Australian Mother Wrongly Branded “Worst Female Serial Killer” Acquitted After 20-Year Legal Battle

After spending two decades in prison for the alleged murder of her four children, Kathleen Folbigg, once dubbed “Australia’s worst mother,” has had her convictions formally quashed by the New South Wales (NSW) Court of Criminal Appeal. This follows a landmark Special Commission of Inquiry that found reasonable doubt over her guilt and her subsequent pardon in June.

Folbigg, now 56, was initially convicted in 2003 on charges of three counts of murder and one of manslaughter following the deaths of her four babies between 1989 and 1999. The convictions were based on circumstantial evidence, including entries from her diaries, which were interpreted as admissions of guilt.

However, a retired judge, Tom Bathurst, re-examined the case and recommended her release in June, citing “reasonable doubt” as to her guilt. The NSW Court of Criminal Appeal has now formally acquitted her of all charges, concluding one of the country’s most prominent miscarriages of justice.

The breakthrough came after a 2022 inquiry, which revealed a previously unknown mutant gene in Folbigg’s two daughters that could have been fatal. This genetic evidence created “reasonable doubt” about her convictions, leading to her pardon and, ultimately, the quashing of her convictions.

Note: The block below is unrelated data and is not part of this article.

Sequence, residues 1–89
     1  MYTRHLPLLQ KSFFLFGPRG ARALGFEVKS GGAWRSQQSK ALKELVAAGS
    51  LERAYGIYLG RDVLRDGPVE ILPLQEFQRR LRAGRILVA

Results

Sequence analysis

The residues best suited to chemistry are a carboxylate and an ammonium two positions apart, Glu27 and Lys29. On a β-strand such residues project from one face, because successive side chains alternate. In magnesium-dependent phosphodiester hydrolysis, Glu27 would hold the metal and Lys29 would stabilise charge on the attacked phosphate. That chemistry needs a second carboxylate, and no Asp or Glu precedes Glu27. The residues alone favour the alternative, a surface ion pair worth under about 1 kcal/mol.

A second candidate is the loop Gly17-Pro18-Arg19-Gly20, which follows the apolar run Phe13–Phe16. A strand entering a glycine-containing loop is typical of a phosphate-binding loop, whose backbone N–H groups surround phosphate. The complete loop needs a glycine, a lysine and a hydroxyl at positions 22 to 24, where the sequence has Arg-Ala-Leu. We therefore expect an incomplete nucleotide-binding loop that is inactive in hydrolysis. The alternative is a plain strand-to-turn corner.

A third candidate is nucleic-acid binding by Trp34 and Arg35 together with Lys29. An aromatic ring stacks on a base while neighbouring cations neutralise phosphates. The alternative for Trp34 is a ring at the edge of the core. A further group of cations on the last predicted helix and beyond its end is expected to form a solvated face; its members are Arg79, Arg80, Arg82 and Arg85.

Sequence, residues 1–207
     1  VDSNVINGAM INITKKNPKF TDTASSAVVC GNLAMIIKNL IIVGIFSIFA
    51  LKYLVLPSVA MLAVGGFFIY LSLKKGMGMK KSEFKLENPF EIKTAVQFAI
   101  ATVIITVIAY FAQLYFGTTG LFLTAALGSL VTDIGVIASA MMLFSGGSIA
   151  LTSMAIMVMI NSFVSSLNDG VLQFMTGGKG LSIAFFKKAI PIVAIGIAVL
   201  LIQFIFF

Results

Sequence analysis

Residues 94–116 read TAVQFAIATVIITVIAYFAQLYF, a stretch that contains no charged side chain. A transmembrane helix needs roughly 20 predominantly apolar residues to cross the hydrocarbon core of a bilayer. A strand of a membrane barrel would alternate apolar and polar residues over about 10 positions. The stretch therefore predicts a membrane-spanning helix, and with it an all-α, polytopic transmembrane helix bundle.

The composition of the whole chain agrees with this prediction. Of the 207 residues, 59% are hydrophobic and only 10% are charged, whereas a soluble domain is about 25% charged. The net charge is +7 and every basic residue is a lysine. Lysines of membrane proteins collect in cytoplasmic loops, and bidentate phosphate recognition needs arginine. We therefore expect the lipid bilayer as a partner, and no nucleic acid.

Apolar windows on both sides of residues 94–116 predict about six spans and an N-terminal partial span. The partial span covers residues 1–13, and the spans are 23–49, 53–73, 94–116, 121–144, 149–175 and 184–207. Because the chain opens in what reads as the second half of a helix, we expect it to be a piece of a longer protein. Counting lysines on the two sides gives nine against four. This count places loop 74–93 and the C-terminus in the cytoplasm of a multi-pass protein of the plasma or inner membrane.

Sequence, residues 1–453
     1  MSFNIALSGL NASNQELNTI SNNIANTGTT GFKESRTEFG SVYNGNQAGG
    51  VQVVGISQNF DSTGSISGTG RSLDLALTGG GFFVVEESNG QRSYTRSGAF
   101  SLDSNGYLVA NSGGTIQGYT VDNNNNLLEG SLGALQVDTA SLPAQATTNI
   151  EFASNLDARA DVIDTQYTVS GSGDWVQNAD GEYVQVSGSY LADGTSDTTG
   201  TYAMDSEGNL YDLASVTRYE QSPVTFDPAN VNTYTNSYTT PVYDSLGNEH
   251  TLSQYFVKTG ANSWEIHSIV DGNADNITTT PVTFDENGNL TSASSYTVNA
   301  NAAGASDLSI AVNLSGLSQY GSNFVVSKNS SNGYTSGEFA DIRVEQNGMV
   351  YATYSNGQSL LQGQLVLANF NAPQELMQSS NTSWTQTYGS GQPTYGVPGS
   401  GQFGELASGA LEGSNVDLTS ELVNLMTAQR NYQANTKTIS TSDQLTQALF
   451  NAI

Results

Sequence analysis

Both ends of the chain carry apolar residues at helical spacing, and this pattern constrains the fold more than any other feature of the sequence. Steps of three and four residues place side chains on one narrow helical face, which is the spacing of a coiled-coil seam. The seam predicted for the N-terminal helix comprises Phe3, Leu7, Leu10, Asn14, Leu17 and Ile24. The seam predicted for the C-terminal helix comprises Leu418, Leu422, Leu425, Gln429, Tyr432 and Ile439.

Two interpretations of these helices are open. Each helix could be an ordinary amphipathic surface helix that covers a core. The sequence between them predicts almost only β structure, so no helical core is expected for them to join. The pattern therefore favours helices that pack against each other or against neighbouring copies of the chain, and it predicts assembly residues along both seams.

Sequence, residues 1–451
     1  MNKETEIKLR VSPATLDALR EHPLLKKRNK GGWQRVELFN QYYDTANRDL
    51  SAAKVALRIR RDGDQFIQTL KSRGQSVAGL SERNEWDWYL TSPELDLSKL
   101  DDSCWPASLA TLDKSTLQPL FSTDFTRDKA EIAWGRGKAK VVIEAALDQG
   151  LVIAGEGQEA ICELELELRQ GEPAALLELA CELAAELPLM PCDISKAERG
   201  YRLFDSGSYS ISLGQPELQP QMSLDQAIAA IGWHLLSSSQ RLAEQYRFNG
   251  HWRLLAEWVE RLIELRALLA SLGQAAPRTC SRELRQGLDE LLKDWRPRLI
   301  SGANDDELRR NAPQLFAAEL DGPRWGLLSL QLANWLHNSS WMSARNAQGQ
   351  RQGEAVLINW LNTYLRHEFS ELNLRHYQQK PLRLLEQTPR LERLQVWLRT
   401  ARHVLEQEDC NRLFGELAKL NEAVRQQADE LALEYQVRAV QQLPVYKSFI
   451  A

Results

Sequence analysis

Outside the court, an emotional Folbigg thanked her supporters and expressed relief at having her name cleared. She criticized the legal system for blaming her instead of acknowledging that children can die suddenly and unexpectedly.

Folbigg’s legal team now intends to seek substantial compensation from the NSW government, emphasizing the need for reform in the legal system to prevent future miscarriages of justice. They are urging all Australian states to establish an independent body for review, such as a Criminal Cases Review Commission.

The case has prompted calls for a reevaluation of Australia’s legal system to ensure it is more scientifically informed, considering the pace of change in scientific discovery and technological advances. The NSW attorney general stated that compensation requests would be carefully considered in light of the significant events that transpired over the past two decades.

This acquittal marks the end of a lengthy legal battle for Kathleen Folbigg, who maintained her innocence throughout the ordeal and is now seeking justice and reform in the aftermath of the deeply flawed conviction.

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